Interface bridging issue + ACL?


#1

I’m running an ESXi host with some virtual machines on it. Some of those machines are administered by me but some are rented out to clients. In my hosting agreement with my provider I have a few public Internet ip’s assigned to the physical port of the physical switch in which my physical machine is located. This means that any guest machine attached to the first vSwitch can grab any ip in my allotted range. This is fine for the machines I administer, but I don’t want my clients to be able to snatch any ip they see fit, only the ones they’ve been assigned. So I did some research and found that what I needed was probably some sort of virtual switch with bridged interfaces and - on top of that - some sort of ACL. VyOS was suggested for this task. What I’ve done so far is create a vSwitch for every client vps and a separate interface in VyOS for every vSwitch, with the only Internet interface being the one connected through VyOS. Please see the attachment below for a better idea of the current network topology.

So far I’ve been able to get traffic flowing to and from the VyOS-machine only. No matter how I bridge the interfaces there isn’t any traffic going through to the guests. I am probably doing something wrong. What I’m wondering is if what I’m trying to do is at all possible with VyOS, and if so how one would go about it? So far I’ve spent several long nights wrestling with this issue to no avail. Out of the different solutions I’ve tried, VyOS is by far the most easy to work with so I would really like this to work.

Thanks in advance for any help!

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#2

I presume you can reach vps0{a,b,c} thru vswitch0a, but cannot reach vps1{a,b,c} machines. Are the ports on the ESXi virtual switches in promiscuous mode?

See http://forum.vyos.net/showthread.php?tid=6268 for a somewhat similar situation.


#3

Hello, and thank you for your reply!

Yes, that is correct. I did previously read the post you referred to above but I never did try to enable promiscious mode. Setting them as such allowed vps1{a,b,c} to reach the Internet (finally!). However, they are still able to snatch any ip from the alloted range as if they were connected directly to vSwitch0a (ie. a proper bridge). Perhaps this is when that ACL should come into play?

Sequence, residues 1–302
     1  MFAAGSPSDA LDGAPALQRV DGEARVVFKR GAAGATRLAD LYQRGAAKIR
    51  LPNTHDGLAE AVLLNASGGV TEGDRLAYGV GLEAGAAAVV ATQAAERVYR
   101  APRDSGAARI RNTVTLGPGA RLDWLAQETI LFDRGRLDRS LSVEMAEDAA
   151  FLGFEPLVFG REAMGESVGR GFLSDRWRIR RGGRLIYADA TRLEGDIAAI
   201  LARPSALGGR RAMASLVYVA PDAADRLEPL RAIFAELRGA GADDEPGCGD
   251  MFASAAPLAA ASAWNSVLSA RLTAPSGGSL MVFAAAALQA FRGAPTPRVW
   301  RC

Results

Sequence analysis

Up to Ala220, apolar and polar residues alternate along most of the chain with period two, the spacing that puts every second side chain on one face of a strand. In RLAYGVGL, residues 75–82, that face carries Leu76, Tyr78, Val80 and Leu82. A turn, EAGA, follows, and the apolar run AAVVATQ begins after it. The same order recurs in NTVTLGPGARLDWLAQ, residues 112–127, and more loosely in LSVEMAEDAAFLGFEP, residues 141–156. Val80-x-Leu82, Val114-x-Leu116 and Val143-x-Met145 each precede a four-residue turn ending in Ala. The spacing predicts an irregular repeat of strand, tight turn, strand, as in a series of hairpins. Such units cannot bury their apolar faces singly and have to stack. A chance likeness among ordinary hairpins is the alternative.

I’ve tried a few things, such as putting a /32 address on the bridge interface itself but that didn’t help. Any further assistance is very much appreciated.


#4

Can you post your vyos config? It looks like you have three ethernet interfaces on the vyos, but are those all assigned to a bridge group? I think (I might be wrong) that you cannot add a firewall to the underlying components of a bridge group. If you really want to isolate those three clients, you could use rfc1918 addresses on the vswitch1{a,b,c} connections, and route their public /32 address toward them.

Suppose the vyos has 192.168.99.99 on the loopback interface. The three clients will need an interface route to that address via their respective interfaces, and a default route via that address. On the vyos, you have three static interface routes driving their packets out the proper interface. I think that might work.


#5

So if I understand you correctly we need to put up our own network between the machines and vyos with their internal ip’s? Or did I misunderstand that completely?

I’m attaching my current configuration in this post. Please note that I’ve replaced the actual ip’s with X.Y.Z.n but I currently have access to the range of X.Y.Z.10 - X.Y.Z.15 in a /25 network. However, this may change as I can order additional ip’s at any time.

Please also note that currently my setup is not like what I described in the network topology the other night. The draft in there is what I imagine the finished product to be like. I’m still in the test lab with only one connected computer. If needed I can connected more for the sake of testing.

If you can help me solve this you’ve really saved my Christmas and I owe you a beer (or two). This is the one thing that’s blocking me from getting the ball rolling. :slight_smile:


#6

Okay, I’ve now read the article you referred to and did the following.

I set up a private network between vyos (10.0.0.1/24) and one of the guests (10.0.0.2/24). I then set up a 1-1 NAT between X.Y.Z.13 and 10.0.0.2 (using the official documentation here: http://vyos.net/wiki/User_Guide#1-to-1_NAT

So far it seems to work like I want. I have only tried with one client so far though, but in theory I think this will work with more clients provided they’re on different internal networks of course. Do you think I am correct in that regard?

Now this solution was a bit difficult from what I originally wanted since I wanted the guest machine to see the actual ip from the public domain, but if I understand you correctly this is not possible? In any case, the current solution is acceptable, but if you (or anyone else) know how to get the public domain ip properly forwarded please let me know.

Thanks for all your help!